“The H-2A visa is a short-term temporary visa program that employers use to import workers into the agricultural fields … It’s part of a very antiquated immigration system that needs to change. The 11.5 million people who are here need to be given citizenship,” said Saket Soni, the founder of an organization called Resilience Force, which advocates for immigrant labor. “And then workers who come from other countries, if we need them, they have to be able to stay … H-2A workers don’t have a pathway to citizenship. Workers come to us afraid of blowing the whistle on labor issues. As much as the H-2A is a welcome gift for a worker it can also be abused.”
Soni said the precarity of a worker’s situation — and their dependence on a single employer for their ability to remain in the country legally — means they are less likely to speak up about problems at work, since there’s nowhere for them to go if they are fired.
“We are big proponents that if you need people’s labor you have to welcome them as human beings,” Soni said. “Where there’s a labor shortage as people come, they should be allowed to stay … H-2A is an example of an outdated immigration tool.”
Guirguis clearly disagrees and said a platform like SESO’s will ultimately create more conveniences and better services for the workers who come in on these visas.
“We’re trying to put more money in the hands of these workers at the end of the day,” he said. “We’re going to be setting up remittance and banking services. Everything we do should be mutually beneficial for the employer and the worker who is trying to get into this program and know that they’re not getting taken advantage of.”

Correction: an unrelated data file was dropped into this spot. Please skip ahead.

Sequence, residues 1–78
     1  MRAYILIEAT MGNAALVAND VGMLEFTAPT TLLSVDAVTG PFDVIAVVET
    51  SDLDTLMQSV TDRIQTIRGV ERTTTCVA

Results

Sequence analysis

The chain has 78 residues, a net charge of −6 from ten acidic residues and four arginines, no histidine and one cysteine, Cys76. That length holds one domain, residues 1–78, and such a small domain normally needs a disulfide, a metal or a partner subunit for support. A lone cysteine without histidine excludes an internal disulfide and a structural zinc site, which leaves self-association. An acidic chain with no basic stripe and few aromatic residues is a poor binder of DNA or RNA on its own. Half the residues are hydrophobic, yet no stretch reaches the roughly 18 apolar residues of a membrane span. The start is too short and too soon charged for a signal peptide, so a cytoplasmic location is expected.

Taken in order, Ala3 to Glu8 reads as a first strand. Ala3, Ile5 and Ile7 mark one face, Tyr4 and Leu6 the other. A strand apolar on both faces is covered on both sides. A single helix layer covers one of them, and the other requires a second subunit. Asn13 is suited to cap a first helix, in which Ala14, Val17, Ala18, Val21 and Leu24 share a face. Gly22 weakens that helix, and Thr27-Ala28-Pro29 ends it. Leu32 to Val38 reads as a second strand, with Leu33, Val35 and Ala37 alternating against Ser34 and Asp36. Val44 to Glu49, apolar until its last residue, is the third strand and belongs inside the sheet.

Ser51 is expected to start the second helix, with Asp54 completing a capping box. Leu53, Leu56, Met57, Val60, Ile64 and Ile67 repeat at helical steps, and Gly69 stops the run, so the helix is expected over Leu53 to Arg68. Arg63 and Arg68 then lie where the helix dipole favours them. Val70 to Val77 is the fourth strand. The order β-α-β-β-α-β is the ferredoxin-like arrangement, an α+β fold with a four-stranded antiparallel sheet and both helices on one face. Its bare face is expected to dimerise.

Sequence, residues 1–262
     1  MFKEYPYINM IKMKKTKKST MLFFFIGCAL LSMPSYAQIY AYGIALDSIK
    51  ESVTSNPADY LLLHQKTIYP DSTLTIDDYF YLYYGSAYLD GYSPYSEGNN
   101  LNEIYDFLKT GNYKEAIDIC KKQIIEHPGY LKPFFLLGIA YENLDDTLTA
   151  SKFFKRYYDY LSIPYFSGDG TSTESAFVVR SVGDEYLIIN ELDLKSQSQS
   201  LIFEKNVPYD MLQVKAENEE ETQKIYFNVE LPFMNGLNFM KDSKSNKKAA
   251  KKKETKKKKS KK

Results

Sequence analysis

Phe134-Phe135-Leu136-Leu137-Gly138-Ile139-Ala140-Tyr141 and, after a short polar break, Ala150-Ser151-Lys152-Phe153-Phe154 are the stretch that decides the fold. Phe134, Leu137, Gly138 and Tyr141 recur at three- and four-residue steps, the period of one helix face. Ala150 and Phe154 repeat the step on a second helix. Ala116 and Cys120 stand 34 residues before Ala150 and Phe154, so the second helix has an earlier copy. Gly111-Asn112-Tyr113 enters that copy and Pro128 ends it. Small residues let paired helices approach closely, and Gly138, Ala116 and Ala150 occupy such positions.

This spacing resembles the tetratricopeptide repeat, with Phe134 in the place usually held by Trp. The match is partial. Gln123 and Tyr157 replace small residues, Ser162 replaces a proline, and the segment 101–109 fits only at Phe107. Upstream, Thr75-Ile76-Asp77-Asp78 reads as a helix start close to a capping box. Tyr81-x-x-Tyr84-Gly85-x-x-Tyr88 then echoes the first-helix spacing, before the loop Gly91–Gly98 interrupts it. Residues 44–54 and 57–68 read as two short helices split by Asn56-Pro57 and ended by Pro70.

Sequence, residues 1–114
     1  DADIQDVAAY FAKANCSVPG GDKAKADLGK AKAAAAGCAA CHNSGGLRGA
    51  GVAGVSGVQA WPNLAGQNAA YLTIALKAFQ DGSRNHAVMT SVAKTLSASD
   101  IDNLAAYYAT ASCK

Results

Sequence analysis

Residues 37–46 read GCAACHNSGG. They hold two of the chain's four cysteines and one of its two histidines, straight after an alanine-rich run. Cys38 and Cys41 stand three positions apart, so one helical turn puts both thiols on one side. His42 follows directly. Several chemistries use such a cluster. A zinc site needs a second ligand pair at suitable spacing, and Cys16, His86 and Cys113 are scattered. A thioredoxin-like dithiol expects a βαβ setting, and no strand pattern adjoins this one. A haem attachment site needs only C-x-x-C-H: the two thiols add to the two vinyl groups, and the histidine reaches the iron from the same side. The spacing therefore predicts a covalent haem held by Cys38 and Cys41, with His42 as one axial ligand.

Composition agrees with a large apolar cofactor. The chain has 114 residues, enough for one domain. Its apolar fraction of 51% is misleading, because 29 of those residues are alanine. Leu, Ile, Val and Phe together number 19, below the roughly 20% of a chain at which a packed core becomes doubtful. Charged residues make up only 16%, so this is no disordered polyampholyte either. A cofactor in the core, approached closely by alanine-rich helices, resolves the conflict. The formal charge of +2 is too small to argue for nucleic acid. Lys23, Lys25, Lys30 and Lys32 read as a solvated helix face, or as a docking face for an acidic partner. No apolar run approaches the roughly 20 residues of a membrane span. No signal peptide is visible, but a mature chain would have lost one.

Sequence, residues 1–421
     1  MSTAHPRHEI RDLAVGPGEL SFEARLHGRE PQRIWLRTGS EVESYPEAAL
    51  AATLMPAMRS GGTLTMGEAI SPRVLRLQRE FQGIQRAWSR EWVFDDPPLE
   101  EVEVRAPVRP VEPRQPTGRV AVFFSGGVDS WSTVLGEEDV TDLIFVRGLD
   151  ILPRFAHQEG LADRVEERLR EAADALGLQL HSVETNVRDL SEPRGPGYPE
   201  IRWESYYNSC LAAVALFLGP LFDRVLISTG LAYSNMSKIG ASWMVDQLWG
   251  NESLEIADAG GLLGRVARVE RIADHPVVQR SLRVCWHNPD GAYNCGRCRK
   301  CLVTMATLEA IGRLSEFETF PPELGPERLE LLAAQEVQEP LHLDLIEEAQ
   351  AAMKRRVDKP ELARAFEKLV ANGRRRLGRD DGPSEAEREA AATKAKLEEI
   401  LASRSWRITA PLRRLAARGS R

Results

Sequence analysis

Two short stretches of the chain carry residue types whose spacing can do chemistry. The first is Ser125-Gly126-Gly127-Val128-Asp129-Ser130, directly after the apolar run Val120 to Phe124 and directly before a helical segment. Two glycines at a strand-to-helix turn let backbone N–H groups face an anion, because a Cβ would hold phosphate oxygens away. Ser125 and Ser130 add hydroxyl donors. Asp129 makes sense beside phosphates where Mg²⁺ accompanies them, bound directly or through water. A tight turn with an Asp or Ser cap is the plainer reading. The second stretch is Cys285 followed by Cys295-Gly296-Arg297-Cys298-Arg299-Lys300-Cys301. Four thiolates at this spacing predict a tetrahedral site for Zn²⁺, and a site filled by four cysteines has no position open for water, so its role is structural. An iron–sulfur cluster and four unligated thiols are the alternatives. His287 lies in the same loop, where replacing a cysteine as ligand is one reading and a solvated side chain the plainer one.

Artificial intelligence and machine-learning technologies have evolved a lot over the past decade and have been useful to many people and businesses, especially in the realm of finance, banking, investment and trading.
In these industries, there are many activities that machines can perform better and faster than humans, such as calculations and financial reporting, as long as the machines are given the complete data.
The AI tools being built by humans today are becoming another level more robust in their ability to predict trends, provide complex analysis, and execute automations faster and cheaper than humans. However, there has not been an AI-powered machine built yet that can trade on its own.
There are many activities that machines can perform better and faster than humans, such as calculations and financial reporting, as long as the machines are given the complete data.
Even if it was possible to train such a system that could replace human judgment, there would still be a margin of error, as well as some things that are only understandable by human beings. Humans are still ultimately responsible for the design of AI-based prediction machines, and progress can only happen with their input.
Building an AI-based prediction machine initially requires an understanding of the problem being solved and the requirements of the user. After that, it’s important to select the machine-learning technique that will be implemented, based on what the machine will do.